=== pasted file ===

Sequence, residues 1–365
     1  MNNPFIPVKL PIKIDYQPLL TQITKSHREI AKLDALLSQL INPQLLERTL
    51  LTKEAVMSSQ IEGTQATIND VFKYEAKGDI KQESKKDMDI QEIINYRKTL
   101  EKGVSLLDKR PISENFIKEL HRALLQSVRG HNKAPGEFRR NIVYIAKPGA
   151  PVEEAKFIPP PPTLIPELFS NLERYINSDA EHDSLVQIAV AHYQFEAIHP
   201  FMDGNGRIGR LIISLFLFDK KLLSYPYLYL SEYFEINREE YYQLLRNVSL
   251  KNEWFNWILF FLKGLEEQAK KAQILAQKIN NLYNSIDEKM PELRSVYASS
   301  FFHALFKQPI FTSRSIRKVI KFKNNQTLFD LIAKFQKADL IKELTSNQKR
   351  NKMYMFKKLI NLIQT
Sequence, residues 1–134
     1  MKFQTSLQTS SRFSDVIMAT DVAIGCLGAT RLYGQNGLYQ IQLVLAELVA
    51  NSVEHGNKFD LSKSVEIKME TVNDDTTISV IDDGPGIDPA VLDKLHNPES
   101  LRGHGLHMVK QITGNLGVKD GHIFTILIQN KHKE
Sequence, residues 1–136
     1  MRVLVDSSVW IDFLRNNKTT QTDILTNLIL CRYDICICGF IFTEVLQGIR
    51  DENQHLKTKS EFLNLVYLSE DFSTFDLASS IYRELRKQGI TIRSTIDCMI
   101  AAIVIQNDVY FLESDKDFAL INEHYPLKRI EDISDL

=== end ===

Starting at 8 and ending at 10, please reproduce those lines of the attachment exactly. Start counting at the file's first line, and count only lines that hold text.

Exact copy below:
   301  FFHALFKQPI FTSRSIRKVI KFKNNQTLFD LIAKFQKADL IKELTSNQKR
   351  NKMYMFKKLI NLIQT
Sequence, residues 1–134